Publication details

Differentiation of neural rosettes from human pluripotent stem cells in vitro is sequentially regulated on a molecular level and accomplished by the mechanism reminiscent of secondary neurulation

Authors

FEDOROVÁ Veronika VÁŇOVÁ Tereza ELREFAE Lina Mohamed Bahaael POSPÍŠIL Jakub PETRÁŠOVÁ Martina KOLAJOVÁ Veronika HUDACOVA Zuzana BANIARIOVÁ Jana BARÁK Martin PEŠKOVÁ Lucie BÁRTA Tomáš KAUCKÁ Markéta KILLINGER Michael VEČEŘA Josef BERNATÍK Ondřej ČAJÁNEK Lukáš HŘÍBKOVÁ Hana BOHAČIAKOVÁ Dáša

Year of publication 2019
Type Article in Periodical
Magazine / Source Stem Cell Research
MU Faculty or unit

Faculty of Medicine

Citation
Web https://www.sciencedirect.com/science/article/pii/S187350611930193X?via%3Dihub
Doi http://dx.doi.org/10.1016/j.scr.2019.101563
Keywords BMP; Differentiation; Human embryonic stem cells; Induced pluripotent stem cells; Neural rosettes; Secondary neurulation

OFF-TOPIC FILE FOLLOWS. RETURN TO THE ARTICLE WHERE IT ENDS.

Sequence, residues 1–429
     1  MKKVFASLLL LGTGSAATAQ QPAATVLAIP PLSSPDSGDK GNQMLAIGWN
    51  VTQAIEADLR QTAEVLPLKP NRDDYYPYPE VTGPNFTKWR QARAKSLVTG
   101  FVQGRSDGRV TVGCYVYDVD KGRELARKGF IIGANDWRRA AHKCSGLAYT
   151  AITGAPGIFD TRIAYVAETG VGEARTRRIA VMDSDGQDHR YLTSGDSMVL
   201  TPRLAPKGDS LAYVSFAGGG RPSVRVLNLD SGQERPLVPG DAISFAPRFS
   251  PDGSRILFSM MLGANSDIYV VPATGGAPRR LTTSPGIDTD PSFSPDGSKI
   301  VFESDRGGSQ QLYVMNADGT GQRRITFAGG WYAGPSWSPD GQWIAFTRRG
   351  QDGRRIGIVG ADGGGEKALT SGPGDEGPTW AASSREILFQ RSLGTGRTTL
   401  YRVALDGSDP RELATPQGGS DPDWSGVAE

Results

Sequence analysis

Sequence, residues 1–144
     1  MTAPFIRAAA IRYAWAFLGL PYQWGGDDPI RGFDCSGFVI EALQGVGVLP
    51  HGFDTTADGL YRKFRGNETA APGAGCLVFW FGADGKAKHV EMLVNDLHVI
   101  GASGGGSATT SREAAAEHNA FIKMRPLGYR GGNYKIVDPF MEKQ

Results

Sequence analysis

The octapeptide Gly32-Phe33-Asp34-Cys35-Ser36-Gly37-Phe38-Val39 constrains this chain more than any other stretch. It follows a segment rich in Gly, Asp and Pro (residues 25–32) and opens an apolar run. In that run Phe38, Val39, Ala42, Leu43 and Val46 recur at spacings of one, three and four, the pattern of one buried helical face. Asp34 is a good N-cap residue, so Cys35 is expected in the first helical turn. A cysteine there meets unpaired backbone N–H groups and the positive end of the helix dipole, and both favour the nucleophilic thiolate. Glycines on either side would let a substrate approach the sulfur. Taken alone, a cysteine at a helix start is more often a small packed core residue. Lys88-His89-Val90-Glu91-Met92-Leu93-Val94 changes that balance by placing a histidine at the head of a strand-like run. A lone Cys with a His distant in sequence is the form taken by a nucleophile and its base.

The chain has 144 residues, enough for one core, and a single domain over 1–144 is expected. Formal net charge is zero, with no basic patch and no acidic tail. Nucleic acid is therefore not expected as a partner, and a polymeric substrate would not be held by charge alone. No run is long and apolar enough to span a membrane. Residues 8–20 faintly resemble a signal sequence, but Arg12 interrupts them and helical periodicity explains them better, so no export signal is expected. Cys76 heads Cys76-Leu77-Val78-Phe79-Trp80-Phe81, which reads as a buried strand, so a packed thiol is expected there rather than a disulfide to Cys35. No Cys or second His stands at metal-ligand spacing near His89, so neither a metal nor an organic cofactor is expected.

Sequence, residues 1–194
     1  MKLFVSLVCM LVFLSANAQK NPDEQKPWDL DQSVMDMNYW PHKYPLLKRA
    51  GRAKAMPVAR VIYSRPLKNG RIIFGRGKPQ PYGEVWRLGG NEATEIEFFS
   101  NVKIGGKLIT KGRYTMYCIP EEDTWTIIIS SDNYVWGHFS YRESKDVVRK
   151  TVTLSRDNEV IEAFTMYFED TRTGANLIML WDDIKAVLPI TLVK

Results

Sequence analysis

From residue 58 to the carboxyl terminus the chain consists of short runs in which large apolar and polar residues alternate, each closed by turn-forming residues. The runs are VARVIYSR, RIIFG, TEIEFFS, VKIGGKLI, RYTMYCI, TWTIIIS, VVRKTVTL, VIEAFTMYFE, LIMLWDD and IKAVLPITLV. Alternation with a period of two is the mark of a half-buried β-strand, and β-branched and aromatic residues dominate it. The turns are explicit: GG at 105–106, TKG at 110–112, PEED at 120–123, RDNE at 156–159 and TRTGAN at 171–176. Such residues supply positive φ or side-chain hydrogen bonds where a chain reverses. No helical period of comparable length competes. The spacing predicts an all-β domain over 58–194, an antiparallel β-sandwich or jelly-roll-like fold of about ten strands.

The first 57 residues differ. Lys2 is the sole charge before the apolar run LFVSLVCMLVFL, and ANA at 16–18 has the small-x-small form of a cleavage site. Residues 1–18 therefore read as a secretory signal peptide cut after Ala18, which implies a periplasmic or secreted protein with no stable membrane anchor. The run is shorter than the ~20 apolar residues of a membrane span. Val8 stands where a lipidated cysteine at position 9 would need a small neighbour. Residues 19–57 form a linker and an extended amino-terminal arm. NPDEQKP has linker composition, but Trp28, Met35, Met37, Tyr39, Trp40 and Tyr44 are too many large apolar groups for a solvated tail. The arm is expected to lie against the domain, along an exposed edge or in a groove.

Description Development of neural tube has been extensively modeled in vitro using human pluripotent stem cells (hPSCs) that are able to form radially organized cellular structures called neural rosettes. While a great amount of research has been done using neural rosettes, studies have only inadequately addressed how rosettes are formed and what the molecular mechanisms and pathways involved in their formation are. Here we address this question by detailed analysis of the expression of pluripotency and differentiation-associated proteins during the early onset of differentiation of hPSCs towards neural rosettes. Additionally, we show that the BMP signaling is likely contributing to the formation of the complex cluster of neural rosettes and its inhibition leads to the altered expression of PAX6, SOX2 and SOX1 proteins and the rosette morphology. Finally, we provide evidence that the mechanism of neural rosettes formation in vitro is reminiscent of the process of secondary neurulation rather than that of primary neurulation in vivo. Since secondary neurulation is a largely unexplored process, its understanding will ultimately assist the development of methods to prevent caudal neural tube defects in humans.
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